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Net neutrality

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The US’s top media regulator voted to end rules protecting an open internet this week, in a move critics warn will hand control of the future of the web to cable and telecoms companies. The fiercely-contested decision was barely announced before several law enforcement authorities in New York and California pledged to fight it in court but the ripples of the decision will affect the rest of the world.   

At a packed meeting of the Federal Communications Commission (FCC) in Washington, the watchdog’s commissioners voted three to two to dismantle the “net neutrality” rules that prevent Internet Service Providers (ISPs) from charging websites more for delivering certain services or blocking others should they, for example, compete with services the cable company also offers.  

Net neutrality activists believe the decision will handover more power to a handful of multibillion dollar corporations that could have the power to limit how everyone uses the internet. Net neutrality or the freedom of the internet has already been hampered by large corporations such as Google, which earlier this year was slapped with a $2.7 billion fine by the European Union (EU) after a seven-year investigation found that its service, called Froogle, which allowed its users to compare products and prices online, was unfairly promoting businesses that advertised with Google. The investigators also found that over several years Google also undermined traffic to its competitor websites and resulting in the loss of revenue to companies across 31 countries.

Google in September appealed the verdict and maintains that it did not participate in anticompetitive activities. Yet the overarching power of large internet companies and how they can impact the entire world remains a concern. Republican-appointed FCC Chairman Ajit Pai believes his plan would scrap “heavy-handed” rules adopted in 2015 which he argued discouraged investment and innovation. He and his supporters have argued that the “light touch” rules provided to companies would not change user experiences significantly and most people would not even be aware that a selective numbers of companies have been given more power.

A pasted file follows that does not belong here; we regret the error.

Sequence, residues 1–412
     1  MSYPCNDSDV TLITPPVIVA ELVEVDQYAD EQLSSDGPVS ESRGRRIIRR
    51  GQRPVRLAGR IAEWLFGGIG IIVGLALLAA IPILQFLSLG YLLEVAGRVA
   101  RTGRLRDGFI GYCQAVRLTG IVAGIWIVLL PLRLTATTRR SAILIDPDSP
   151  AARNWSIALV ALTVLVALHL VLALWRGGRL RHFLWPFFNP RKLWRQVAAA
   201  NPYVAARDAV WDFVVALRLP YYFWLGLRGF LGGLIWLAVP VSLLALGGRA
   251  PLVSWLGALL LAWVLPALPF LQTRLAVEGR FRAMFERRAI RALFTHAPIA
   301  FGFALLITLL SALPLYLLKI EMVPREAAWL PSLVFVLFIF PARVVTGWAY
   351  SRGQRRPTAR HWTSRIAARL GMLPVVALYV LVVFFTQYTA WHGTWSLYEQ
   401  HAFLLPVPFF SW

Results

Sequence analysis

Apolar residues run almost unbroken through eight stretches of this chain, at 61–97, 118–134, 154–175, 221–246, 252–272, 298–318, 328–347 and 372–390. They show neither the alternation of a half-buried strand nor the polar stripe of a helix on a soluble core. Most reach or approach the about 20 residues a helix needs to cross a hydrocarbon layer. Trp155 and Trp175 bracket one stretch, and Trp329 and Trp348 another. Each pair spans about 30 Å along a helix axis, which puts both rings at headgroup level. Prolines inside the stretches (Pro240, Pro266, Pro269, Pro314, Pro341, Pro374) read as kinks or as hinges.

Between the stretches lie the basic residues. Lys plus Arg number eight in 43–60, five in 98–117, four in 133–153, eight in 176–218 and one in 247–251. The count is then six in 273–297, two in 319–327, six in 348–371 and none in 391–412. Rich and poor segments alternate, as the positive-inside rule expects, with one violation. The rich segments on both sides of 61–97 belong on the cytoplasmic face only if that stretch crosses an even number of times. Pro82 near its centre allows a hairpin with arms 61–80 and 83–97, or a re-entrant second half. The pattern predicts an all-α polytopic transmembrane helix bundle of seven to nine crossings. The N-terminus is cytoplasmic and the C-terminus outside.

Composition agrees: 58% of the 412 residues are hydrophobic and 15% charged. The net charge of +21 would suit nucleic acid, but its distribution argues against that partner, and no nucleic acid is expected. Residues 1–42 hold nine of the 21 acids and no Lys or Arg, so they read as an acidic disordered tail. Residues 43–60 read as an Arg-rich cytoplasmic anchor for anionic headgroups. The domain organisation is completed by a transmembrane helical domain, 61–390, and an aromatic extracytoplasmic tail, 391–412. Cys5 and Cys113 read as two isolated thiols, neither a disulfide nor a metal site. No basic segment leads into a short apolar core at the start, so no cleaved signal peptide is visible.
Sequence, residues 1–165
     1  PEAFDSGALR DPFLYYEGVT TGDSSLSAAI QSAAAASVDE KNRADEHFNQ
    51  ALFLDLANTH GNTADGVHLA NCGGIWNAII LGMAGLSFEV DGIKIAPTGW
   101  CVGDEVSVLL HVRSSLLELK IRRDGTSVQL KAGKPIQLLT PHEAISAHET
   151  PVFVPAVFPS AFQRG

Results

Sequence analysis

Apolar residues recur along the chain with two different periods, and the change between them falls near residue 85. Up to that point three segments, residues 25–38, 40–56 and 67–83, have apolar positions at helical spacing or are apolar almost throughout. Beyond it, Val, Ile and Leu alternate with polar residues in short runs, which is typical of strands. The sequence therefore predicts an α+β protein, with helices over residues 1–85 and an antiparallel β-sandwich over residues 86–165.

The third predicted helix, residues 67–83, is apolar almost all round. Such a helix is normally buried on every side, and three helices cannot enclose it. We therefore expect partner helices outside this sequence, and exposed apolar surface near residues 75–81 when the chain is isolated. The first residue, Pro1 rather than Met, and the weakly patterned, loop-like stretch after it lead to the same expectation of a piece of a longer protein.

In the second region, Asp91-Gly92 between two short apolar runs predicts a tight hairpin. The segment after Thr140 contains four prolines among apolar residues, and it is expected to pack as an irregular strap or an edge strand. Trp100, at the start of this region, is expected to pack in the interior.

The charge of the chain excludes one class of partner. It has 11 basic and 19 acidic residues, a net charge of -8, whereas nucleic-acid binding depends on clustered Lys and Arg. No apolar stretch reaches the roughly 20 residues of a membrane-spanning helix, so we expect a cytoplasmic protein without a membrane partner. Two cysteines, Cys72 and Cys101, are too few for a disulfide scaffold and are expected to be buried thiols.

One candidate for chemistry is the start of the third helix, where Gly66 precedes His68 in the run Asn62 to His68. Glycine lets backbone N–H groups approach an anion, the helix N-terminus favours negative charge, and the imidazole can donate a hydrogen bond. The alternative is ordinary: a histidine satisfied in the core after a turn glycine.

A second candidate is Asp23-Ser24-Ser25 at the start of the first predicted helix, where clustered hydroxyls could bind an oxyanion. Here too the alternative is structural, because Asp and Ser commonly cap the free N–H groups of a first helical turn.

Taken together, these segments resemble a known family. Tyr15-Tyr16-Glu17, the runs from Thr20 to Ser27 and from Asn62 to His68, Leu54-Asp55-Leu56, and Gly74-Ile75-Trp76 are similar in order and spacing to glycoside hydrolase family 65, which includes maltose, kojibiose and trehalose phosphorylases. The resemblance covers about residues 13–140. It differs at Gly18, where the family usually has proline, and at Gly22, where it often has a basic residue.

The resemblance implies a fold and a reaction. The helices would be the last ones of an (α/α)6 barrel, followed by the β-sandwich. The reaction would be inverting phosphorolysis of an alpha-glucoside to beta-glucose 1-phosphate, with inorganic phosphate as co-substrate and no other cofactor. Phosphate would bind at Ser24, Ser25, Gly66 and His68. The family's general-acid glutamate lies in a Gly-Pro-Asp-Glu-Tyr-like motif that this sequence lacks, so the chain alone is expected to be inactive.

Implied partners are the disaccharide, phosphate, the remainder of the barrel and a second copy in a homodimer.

Net neutrality’s advocates argue that an open internet has been essential to the creation of today’s web, and has allowed companies like Skype to compete with telecoms providers and Netflix to change the media landscape. They say the removal of the rules will affect consumers worldwide.

Detractors also remain skeptical as the decision gives internet service providers an explicit license to block, slow, or levy tolls on content. ISPs that spent a significant amount of money lobbying for the new rules did so because they see a revenue advantage in the change and are likely to use the chance to recoup their funds from internet users. Unfortunately, even though billions of people around the world use the internet on a daily basis, they have limited power to ensure that the public interest aspect of the internet is maintained. 

Killing net neutrality in the US could impact internet users all over the world. Contrary to improving innovation, it could well do the opposite – resulting in the best ideas being lost, squashed by the largest corporations at the expense of the global internet-using public.

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